Universities Should Be About Knowledge – NOT Employment

Posted: December 9, 2010 in Politics
Tags: , , , , , , , , ,

Today, Thursday 9th December, the British Parliament are gathering to debate and vote on the first reading of a motion to increase university tuition fees on a stepped level, with £6000 and £9000 being the two caps. There are very violent protests concurrently taking place outside Westminster with students and riot police clashing amidst more accusations of police heavy-handedness. All of this is totally wrong, and a YES vote this evening will probably lead to massive scenes of violence and vandalism across the country.

What the parties are debating is how “fair” and “progressive” the fees increase will be, and are engaging in totally predictable back-and-forth with insults and accusations flying. These are the people we CHOSE to represent our interests. We chose them to have their say based on what WE want, not on what their party wants. I find it sickening that the people WE voted in are behaving like children. The behaviour shows just why major reform in the political system is needed. We CANNOT trust our future to a heavily divided party political system where laws and motion flip-flop between each parliamentary term.

But I digress from what I actually want to say.

What has been lost in this debate is that the exponential increase in university sizes is both unsustainable and ill-advised. University really shouldn’t be for everyone. It should be for the very best, those who wish to advance their own knowledge and engage in research positions, as well as medical candidates looking to become doctors. The idea that university should be used as a tool for people to gain employment is completely flawed. That’s what school and college is supposed to be for!

I would assert that any degree that is targeted at vocational students should be funded by employers. After all, they’re the ones who will gain from those specific degrees. Research and medical degrees should be funded by the state, in a manner that DOES NOT exclude the very best of the best because they might come from poorer backgrounds. Let’s get the universities back to the purpose of which they were intended to fulfil, which was the betterment of society through knowledge and research.

The alternatives to the pointless vocational degrees is to champion work-based learning. The young people will then learn on the job, gaining very real skills whilst also earning money, and crucially, NOT INCURRING MASSIVE DEBTS. In a society where the number of graduates flooding the market is killing the number of graduate vacancies available and effectively devaluing the degrees through mass availability. It’s simple supply-and-demand economics. More graduates, less jobs for them, and lower wages taken by those graduates.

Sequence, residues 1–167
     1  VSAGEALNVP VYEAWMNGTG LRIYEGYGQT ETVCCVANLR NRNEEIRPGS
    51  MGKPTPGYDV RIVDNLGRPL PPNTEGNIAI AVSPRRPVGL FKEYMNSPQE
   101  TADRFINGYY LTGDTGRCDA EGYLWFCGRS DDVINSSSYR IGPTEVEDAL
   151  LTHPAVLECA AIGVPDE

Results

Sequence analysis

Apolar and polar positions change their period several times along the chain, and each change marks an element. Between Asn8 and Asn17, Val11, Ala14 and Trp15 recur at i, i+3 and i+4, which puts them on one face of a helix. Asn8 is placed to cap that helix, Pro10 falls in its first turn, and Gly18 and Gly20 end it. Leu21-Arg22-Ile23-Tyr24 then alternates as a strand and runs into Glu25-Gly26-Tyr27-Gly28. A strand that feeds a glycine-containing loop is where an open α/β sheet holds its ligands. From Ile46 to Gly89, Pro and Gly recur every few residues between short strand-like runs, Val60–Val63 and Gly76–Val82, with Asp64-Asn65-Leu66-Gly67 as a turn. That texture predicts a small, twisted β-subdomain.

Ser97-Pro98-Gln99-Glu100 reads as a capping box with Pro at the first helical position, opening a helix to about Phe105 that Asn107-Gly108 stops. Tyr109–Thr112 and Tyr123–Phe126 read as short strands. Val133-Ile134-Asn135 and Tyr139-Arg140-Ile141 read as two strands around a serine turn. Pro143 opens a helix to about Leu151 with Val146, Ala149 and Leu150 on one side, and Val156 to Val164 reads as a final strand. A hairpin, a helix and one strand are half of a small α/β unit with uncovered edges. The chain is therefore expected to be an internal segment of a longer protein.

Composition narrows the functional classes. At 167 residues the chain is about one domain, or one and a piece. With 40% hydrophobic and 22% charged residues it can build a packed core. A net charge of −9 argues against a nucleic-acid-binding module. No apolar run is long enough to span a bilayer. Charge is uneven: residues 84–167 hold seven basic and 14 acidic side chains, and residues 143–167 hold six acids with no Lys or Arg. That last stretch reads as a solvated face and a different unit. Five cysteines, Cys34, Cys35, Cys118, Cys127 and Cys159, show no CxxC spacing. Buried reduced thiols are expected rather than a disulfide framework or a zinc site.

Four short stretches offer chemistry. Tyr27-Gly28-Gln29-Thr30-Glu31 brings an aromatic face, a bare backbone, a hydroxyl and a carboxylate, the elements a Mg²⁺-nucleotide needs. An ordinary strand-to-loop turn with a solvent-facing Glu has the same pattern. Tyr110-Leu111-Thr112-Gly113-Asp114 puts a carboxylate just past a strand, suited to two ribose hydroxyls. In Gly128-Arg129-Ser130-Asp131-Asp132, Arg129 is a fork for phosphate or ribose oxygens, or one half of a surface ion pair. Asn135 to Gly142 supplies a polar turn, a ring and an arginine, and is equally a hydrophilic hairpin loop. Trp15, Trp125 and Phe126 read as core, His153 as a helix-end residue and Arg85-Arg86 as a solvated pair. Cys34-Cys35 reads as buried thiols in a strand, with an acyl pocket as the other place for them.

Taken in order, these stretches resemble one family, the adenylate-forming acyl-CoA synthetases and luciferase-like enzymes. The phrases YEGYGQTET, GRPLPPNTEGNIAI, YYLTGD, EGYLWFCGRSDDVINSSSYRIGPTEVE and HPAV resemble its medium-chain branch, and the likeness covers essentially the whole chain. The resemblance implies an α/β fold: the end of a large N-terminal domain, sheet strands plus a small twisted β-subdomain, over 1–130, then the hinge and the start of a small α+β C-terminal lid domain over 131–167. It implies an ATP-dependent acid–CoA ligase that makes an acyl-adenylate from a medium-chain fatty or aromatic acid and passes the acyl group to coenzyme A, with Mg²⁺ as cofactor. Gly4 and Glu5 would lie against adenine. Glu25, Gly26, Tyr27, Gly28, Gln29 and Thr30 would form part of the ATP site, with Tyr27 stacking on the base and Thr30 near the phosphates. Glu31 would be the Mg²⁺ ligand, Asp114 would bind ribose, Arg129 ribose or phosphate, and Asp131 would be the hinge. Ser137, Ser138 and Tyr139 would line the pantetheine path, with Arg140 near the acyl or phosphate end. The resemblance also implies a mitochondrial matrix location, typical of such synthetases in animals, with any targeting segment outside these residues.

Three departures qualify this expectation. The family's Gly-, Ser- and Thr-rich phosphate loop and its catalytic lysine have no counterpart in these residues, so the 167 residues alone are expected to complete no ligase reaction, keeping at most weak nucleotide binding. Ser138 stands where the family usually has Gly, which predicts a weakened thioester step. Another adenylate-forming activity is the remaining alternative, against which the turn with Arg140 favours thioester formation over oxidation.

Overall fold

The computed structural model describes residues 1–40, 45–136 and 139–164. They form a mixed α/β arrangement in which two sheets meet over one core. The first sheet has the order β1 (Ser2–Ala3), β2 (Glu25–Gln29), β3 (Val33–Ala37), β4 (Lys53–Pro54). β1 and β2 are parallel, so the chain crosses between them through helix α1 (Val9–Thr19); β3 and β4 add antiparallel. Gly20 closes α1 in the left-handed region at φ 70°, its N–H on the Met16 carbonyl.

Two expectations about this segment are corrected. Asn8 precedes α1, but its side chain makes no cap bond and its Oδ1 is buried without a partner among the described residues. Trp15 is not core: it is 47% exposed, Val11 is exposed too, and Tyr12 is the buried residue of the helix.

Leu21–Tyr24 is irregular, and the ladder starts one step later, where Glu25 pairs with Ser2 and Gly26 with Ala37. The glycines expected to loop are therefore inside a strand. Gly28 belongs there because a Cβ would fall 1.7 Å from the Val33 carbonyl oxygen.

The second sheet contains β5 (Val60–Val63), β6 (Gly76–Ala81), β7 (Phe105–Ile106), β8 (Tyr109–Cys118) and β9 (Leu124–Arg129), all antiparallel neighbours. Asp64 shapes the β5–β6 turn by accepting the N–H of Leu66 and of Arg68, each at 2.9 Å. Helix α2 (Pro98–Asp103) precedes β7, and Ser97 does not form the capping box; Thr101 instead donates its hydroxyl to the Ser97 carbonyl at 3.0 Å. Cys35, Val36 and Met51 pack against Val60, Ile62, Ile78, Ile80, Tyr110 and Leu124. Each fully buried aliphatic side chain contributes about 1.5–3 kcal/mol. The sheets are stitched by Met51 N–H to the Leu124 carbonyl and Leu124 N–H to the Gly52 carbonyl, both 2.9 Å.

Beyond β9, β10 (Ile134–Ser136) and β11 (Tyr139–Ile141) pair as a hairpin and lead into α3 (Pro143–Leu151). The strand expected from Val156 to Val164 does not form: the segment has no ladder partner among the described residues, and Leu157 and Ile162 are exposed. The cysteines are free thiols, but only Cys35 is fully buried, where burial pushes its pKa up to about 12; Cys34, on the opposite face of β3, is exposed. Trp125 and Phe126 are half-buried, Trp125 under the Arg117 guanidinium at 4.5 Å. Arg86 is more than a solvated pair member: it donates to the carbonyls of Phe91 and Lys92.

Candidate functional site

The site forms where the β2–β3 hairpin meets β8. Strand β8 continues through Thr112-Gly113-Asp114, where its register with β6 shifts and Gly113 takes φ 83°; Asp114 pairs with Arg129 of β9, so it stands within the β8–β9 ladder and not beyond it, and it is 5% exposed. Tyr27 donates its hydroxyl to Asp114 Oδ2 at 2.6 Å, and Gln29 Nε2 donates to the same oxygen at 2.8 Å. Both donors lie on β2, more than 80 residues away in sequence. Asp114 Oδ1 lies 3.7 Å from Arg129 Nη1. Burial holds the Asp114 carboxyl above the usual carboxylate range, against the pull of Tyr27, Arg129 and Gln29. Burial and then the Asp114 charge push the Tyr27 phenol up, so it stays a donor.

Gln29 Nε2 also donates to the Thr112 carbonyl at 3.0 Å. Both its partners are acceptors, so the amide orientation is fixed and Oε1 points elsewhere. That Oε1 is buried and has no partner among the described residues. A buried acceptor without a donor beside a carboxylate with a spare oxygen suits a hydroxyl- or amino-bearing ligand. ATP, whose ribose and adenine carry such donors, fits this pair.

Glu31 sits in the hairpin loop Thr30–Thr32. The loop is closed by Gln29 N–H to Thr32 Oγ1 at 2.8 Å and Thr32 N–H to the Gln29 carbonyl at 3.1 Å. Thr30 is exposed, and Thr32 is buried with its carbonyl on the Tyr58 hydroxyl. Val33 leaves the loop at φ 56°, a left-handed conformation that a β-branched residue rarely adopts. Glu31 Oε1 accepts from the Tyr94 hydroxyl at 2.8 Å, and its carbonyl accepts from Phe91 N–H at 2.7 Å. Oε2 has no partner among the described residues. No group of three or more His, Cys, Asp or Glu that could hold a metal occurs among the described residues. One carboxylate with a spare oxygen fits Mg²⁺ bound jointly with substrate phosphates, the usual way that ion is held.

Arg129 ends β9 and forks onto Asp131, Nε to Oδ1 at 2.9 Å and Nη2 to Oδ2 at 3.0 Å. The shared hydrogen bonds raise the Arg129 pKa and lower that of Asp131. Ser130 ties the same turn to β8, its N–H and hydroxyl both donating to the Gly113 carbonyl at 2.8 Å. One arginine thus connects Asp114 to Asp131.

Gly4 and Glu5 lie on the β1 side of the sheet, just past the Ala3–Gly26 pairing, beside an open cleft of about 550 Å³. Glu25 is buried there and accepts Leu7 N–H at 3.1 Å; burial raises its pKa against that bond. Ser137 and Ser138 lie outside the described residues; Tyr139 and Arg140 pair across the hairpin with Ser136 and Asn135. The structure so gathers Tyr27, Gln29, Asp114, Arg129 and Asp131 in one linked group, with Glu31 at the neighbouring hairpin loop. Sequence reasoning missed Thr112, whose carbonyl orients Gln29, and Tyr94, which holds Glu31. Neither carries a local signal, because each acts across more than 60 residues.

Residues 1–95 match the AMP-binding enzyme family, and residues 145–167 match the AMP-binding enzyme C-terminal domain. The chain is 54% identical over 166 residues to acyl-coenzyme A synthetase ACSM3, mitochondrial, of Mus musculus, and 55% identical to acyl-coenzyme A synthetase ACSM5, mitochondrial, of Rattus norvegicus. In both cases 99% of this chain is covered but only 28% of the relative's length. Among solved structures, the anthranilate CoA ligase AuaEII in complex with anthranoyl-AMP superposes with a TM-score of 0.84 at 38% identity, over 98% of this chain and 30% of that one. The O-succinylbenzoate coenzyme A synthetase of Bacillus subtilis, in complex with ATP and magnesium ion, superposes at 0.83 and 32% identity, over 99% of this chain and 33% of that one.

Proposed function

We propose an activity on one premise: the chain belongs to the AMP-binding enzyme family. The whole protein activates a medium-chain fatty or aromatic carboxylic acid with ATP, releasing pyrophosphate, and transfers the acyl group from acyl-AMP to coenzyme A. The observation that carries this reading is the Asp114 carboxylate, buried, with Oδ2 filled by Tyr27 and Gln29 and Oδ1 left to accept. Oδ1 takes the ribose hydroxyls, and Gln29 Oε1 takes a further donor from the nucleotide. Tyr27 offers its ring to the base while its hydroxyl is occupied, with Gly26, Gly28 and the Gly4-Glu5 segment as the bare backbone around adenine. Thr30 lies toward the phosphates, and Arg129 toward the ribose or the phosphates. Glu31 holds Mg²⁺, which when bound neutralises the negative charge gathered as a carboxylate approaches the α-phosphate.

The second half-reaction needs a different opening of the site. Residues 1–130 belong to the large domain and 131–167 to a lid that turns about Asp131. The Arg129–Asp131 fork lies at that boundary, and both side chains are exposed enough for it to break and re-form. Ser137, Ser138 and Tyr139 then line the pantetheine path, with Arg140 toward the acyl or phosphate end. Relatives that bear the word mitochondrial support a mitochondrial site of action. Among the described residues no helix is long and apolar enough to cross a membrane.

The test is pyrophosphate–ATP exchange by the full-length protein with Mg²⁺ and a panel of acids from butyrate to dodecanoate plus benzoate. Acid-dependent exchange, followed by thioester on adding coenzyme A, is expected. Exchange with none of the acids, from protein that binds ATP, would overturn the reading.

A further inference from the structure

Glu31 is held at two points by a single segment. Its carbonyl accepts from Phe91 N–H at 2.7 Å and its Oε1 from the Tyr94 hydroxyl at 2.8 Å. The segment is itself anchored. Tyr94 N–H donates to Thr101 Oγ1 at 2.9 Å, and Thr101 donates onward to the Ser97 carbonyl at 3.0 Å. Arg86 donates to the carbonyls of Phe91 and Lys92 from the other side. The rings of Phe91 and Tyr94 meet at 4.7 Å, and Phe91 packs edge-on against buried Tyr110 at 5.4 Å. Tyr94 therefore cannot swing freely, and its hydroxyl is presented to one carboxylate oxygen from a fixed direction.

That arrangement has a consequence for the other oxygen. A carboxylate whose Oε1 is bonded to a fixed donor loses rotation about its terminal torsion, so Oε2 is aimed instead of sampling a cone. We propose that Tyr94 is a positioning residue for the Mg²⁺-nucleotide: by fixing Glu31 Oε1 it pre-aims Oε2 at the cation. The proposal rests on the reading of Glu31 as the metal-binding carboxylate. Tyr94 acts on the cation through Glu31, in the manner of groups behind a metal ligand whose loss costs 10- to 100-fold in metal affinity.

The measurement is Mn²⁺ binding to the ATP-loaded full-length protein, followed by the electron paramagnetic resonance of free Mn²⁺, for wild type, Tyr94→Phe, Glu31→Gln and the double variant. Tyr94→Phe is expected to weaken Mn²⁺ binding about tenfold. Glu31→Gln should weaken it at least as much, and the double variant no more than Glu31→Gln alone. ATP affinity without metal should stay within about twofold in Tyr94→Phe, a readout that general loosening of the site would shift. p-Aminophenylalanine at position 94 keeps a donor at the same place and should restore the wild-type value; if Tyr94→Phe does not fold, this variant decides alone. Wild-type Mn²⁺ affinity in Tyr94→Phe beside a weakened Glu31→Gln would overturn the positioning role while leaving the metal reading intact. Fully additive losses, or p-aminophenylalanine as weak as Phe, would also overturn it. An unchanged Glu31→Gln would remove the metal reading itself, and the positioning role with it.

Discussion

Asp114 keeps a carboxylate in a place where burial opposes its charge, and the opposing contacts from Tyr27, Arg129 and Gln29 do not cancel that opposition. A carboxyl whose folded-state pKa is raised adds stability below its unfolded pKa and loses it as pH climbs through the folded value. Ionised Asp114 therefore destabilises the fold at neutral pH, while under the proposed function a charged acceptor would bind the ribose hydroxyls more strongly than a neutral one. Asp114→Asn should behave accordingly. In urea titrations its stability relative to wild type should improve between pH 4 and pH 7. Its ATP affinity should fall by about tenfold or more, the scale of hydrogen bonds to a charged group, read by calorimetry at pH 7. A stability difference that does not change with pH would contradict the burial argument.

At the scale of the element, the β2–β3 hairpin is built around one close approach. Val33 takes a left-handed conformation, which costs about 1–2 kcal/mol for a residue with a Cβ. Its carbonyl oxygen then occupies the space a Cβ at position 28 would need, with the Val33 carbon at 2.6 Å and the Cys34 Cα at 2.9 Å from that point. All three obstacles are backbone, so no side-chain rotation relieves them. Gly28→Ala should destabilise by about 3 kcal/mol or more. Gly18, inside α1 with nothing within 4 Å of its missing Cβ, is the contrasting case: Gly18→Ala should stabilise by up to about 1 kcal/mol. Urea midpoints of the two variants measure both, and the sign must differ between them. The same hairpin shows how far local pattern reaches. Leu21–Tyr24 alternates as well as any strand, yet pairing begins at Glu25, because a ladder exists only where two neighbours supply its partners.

The Government is intent on effectively privatising the university system…it’s the wrong choice given the sheer size of universities. The system proposed will have the effect of shrinking universities, but not in the way that is needed. We already suffer a shortage of medical students, do we really want to be putting more students off going for medical degrees because they will end up saddled with debts of more than £100k before they even start earning anything?

The vote will inevitably get through Commons, but still has to go to Lords. We can only hope that Lords reject it without major changes. Because if it gets through, there will be major surgery needed on the motion during the lifetime of this Parliament.

I urge every MP to vote NO to this bill.

  1. Emma says:

    Where do you draw the line? Vetinary medicine? Dentistry? Nursing? Health and Social Care? Sociology? Geography?

    University should be about learning whatever you want to learn. I agree with you on a lot of points but it certainly should be more than just research and medicine. A lot of people here may not use what they learned in their degree but it’s an incredibly good and useful experience for most people and to me, that’s worthwhile.

    Oh, and there certainly isn’t a shortage of medical students. Medical schools are oversubscribed at least 4:1 and always have been. There is a shortage of graduates because there aren’t enough places funded and there aren’t enough training places for afterwards, but there is no shortage of people wanting (and willing to pay) to do medicine at uni. Most of them won’t even blink twice at £100k debts. We’ll have jobs, we’ll pay them off. Medics are dedicated and not a little obsessive. The thing we need to worry about is the loss of people who are in education for its own sake. That would actually be a tragedy.


    • NewsDiscontent says:

      There’s certainly a shortage of places in medical schools, and this bears out in the shortage of junior doctors in the NHS.

      And you’re right, University should be about learning what you want to learn. I’m not talking about doing away with degrees entirely, I’m talking about getting employers (who are the ones who gain the most out of our universities) to pay for the people who do vocational degrees. None of the systems of repayment discussed have even mentioned employer contributions to degree costs. And that is wrong.

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